How early should you get there to check in? Although the ticket says 2:30pm, you should definitely aim to be there earlier as they overbook all shows! Where you sit in the studio is also dependent on how early you get there. We arrived at about 12:30pm, were sorted into Group 29 and ended up sitting in the 4th row, which is not bad at all. NOTE: The first two rows’ views are often obstructed by cameras.
4. Day-of: The Taping
Be back at the waiting area by 3pm. Again, your group number holds your spot in line, so it doesn’t really matter if you get back back super early.
The waiting area is quite nice, with ample seating room, vending machines and washrooms. For those of you who want to show off your fan spirit, there’s even a table selling Conan merchandise, but you could probably get them on Amazon for cheaper.
At around 3pm, they start lining people up according to group number, and then send groups off to Conan’s soundstage. First, they bring you several blocks to a second (shaded) waiting area, where you wait for 20-30 minutes until the crew says they’re ready for the audience. At this point, you will walk through WB Studios, passing by various trailers, soundstages, etc. which is very cool!
The first thing you’ll see upon entering Conan’s studio is a giant Conan bobblehead. It’s hilarious, and you’ll want to take photos, but the watchful eye of security will make sure you don’t! You’ll then go up some stairs which bring you into the studio and ta-da… it’s the set you’re so used to seeing on TV!!!
Conan staff will then fill you into rows based on how many are in your party. Not that you have much say in the matter, but try to go for an aisle seat on the right side of the studio. This is where Conan will generally go after the show is done to give out high fives or even better, autographs! One lucky guy during my taping snagged an autograph while Conan performed his “end of the show” song, so if you’re an avid autograph collector, don’t forget a Sharpie and something to sign.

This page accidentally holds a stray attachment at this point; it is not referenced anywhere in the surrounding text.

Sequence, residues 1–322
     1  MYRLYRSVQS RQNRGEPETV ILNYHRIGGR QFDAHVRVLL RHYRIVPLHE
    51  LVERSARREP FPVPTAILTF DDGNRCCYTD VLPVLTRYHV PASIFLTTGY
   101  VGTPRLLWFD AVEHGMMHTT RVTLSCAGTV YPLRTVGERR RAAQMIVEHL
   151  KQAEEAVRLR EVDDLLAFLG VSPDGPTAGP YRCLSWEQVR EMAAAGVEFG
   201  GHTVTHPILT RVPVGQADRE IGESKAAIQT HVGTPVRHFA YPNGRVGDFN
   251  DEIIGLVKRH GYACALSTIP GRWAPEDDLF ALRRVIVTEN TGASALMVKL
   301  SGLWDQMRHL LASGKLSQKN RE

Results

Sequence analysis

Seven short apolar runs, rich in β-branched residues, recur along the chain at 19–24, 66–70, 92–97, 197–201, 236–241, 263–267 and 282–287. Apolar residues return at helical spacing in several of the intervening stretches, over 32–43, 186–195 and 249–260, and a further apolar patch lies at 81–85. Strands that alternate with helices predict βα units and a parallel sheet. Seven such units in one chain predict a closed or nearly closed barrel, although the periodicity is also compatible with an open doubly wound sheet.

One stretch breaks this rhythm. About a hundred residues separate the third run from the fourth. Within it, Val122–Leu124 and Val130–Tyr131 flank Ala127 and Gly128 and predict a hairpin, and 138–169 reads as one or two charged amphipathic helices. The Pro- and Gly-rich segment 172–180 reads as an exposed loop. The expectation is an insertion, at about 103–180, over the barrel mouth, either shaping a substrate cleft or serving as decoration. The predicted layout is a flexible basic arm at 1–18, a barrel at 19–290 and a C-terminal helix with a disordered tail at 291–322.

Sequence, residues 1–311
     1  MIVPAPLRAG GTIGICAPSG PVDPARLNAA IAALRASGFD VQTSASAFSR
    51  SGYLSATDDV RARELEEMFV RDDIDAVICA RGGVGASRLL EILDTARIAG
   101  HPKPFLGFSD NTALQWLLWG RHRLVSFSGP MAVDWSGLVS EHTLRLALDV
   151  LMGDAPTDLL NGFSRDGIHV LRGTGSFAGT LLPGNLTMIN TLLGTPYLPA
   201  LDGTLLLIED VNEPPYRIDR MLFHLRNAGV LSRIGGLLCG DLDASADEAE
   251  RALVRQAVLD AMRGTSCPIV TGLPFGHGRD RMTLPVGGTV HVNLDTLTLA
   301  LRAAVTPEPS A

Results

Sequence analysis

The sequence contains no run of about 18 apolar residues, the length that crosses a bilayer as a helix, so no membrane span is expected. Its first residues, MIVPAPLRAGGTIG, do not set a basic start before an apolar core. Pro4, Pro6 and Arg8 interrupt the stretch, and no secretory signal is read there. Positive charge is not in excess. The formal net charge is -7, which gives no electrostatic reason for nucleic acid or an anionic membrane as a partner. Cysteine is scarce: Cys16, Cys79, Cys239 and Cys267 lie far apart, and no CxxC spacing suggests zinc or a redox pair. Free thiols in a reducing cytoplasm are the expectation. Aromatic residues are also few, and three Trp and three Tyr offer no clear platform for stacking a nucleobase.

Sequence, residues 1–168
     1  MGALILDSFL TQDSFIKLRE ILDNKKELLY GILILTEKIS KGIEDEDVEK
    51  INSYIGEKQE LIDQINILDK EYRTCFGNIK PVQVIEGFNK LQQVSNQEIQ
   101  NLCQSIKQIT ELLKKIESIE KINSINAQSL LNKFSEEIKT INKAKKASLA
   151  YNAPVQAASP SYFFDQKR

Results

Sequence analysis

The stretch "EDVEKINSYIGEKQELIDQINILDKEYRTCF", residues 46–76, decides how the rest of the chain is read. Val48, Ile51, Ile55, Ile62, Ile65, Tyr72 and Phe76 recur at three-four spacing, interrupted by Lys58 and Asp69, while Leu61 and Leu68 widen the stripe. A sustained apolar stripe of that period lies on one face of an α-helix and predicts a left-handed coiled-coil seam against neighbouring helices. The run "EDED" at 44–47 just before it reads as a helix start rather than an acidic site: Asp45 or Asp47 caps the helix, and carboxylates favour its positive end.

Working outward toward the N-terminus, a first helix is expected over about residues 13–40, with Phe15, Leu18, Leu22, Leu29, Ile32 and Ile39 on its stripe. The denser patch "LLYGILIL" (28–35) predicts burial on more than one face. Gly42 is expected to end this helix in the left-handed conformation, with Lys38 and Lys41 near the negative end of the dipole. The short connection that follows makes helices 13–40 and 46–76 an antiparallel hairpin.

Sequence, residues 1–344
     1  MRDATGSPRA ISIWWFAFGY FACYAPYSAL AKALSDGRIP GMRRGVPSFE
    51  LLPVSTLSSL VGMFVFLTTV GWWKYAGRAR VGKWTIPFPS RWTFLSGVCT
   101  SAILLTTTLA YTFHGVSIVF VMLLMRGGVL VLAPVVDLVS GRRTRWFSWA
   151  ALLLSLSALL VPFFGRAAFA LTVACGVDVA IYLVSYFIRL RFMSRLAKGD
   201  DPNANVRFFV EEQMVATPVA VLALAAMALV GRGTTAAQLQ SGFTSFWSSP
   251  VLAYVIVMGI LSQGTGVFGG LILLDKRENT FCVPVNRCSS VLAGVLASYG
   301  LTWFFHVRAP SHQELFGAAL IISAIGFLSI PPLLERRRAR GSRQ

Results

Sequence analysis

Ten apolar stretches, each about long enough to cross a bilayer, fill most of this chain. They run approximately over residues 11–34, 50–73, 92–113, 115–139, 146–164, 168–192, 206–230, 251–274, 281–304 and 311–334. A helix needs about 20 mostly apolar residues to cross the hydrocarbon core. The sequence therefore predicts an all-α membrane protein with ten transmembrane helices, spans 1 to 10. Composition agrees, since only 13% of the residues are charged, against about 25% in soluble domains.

Everything will go by very quickly after that. Jimmy Pardo, the warm-up comedian, will come out and get you ready to laugh! Beware, his style of comedy likes to pick on members of the audience, so don’t speak up unless you’re ready for him to rag on you. After a hilarious 15 minutes or so, he will then introduce Jimmy Vivino and the Basic Cable Band, who come out and entertain the audience with a few awesome songs. Many of them will come into the audience as they play. As a huge fan of LaBamba (who used to be featured in a lot of segments), I was thrilled when he came right by my seat and sang for a bit. Starstruck!
After a few songs, they’ll cue the Conan theme song and the show will progress just as you see on TV. Conan comes out to do his monologue, then brings out his guests, etc… The taping will go by super quickly, so be sure to soak in the experience while you can! For us, the actual taping began around 4:30, and we were out by 5:45. It did take a bit longer as we had to record an extra musical segment for Conan’s website, and Jackson Browne mixed up his verses once so we had to do it again.
Overall, the Conan filming experience is super pleasant and stress-free. Unlike other show tapings where you’re made to stand/wait for hours and generally treated like an animal, the Conan crew knows how to treat you right! There’s water coolers, washrooms, and I even read on Tripadvisor that they sometime give out popsicles. Props, Team Coco! Be sure to give this experience a try the next time you’re in LA – it’s really a lot of fun.
Have you ever been to a taping? What was your experience like? Let me know in the comments!